The Teachers’ Lounge

By: Jolie Featherstone

Ilker Çatak’s award-winning feature The Teachers’ Lounge is a scintillating, modern-day fable.

Carla Nowak is a teacher at a jr. high in Germany.  She’s an attentive and thoughtful teacher who deeply cares about the role of an educator in her students’ lives.  However, the school is reeling in the wake of theft.  Faculty and students alike are becoming tangled in the growing unease.  Carla is appalled when the faculty pressures student representatives to name classmates that they suspect of being involved.  She advocates for the children and acts as a dissenting voice against the administration.

When this is followed by school administrators interrupting her classroom to question one of the few students of colour in the classroom, Carla vehemently voices her disagreement.  Yet, she’s made to sit alongside the staff as they question the student’s parents. 

When Carla conducts an experiment to find the real culprit, her findings create a shockwave that ripples through the school – leading to increasingly threatening circumstances.

The Teachers’ Lounge is a masterfully told tale of ethics, bureaucracy, and interpersonal justice.  It calls to mind the saying: “the road to Hell is paved with good intentions” and, “no good deed goes unpublished.”  Our protagonist is driven by a strong commitment to ethics and fairness.  Her drive to protect her students is often met with dismissiveness by the strict administration, and barely-shaded ridicule by her colleagues.  She’s duty-bound to her students and all of her actions are intended to do the right thing – yet sometimes they have less than ideal consequences.  It highlights the difficulty of personal justice when working in a collective atmosphere.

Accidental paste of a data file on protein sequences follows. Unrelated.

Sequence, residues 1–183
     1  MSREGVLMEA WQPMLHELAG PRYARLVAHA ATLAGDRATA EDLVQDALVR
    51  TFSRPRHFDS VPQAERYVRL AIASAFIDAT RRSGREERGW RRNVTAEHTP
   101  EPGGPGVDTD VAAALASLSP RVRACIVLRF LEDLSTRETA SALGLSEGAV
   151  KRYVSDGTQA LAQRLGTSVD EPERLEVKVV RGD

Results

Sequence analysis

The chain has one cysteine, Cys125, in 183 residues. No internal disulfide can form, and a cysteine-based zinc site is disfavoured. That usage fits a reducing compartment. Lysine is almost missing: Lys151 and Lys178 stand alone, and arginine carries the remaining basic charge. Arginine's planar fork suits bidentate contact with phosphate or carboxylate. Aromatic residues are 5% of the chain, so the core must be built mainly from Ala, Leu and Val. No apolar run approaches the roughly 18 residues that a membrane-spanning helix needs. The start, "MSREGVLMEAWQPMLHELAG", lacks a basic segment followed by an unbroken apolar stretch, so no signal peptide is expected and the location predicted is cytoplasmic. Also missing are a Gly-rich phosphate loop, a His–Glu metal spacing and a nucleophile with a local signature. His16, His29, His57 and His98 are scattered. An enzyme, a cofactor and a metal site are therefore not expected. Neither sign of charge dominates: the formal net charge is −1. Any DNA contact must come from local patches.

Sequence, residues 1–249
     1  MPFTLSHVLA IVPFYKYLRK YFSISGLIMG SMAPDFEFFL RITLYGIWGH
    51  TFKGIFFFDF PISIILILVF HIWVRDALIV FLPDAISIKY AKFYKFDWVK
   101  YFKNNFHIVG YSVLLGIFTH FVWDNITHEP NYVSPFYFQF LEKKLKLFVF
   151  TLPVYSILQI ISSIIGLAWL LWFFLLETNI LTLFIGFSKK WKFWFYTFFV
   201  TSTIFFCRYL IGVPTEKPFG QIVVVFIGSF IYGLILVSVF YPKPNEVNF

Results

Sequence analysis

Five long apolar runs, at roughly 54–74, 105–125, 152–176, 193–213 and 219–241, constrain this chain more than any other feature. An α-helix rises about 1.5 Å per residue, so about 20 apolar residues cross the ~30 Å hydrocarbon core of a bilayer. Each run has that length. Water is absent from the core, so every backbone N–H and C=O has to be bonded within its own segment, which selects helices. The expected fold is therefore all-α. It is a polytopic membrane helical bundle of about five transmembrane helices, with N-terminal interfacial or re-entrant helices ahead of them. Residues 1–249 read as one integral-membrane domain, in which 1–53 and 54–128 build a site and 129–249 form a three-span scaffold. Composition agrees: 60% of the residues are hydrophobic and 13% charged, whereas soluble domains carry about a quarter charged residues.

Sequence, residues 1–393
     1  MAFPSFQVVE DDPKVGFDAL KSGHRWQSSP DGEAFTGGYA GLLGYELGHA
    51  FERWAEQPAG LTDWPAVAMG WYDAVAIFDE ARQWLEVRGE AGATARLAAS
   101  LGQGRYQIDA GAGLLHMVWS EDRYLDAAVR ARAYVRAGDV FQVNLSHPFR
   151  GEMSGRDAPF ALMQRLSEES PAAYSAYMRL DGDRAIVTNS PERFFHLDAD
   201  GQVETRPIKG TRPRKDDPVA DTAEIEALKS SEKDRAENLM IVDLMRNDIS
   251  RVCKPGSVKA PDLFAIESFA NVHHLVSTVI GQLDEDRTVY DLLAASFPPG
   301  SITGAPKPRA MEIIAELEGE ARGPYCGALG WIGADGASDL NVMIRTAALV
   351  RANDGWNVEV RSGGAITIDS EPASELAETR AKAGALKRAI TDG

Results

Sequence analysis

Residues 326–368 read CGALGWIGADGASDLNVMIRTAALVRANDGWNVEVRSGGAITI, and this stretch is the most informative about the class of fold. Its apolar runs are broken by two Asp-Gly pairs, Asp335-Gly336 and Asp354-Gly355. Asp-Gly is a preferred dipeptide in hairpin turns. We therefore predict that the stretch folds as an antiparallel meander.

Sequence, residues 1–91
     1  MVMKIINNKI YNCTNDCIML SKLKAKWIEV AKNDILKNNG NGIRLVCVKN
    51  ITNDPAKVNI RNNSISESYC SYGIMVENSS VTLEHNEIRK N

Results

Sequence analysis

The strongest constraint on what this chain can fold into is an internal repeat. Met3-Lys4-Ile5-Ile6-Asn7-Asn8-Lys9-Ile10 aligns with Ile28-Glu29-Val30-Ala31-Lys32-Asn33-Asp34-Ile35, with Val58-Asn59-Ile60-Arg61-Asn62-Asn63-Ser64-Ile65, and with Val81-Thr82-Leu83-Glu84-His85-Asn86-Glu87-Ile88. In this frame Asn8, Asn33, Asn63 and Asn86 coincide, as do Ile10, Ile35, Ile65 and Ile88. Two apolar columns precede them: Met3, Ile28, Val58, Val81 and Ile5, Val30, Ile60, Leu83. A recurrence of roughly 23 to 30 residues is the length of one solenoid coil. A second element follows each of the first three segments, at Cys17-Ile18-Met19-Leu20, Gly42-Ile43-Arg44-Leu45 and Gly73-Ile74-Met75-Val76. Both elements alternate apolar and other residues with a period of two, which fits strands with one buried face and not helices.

Leonie Benesch is excellent as Carla Nowak, the idealistic teacher pushing herself to her limit to do what she thinks is right, even when such actions bump up against the rigid boundaries of bureaucracy and social hierarchy.  Benesch speaks volumes through her eyes, and in the muscles in her face.  The beats of tension, mystery, and realization within the film are mapped on Benesch’s clear features.  Throughout the film, her character is pushed to her absolute limits.  Yet she tirelessly still tries to do what she feels is just – even if it comes at a cost to herself or, inadvertently, to someone else.

Çatak’s film is tense and will have you bracing yourself for what is to come, while also eagerly anticipating how the next scene will unfold.  The film is orchestrated with precision and a keen eye – from the unsettling, staccato strings of the score, to the costuming, to the editing – everything is in service of the film’s pace and emotional storytelling. 

It’s no surprise that The Teachers’ Lounge, Germany’s 2024 Oscar entry, has clinched an Academy Award nomination for Best International Feature.  If you enjoyed The Kindergarten Teacher, definitely give Çatak’s movie a watch.  Smart, sharp, and thought-provoking, The Teachers’ Lounge is a film you’ll want to discuss as soon as the credits roll.


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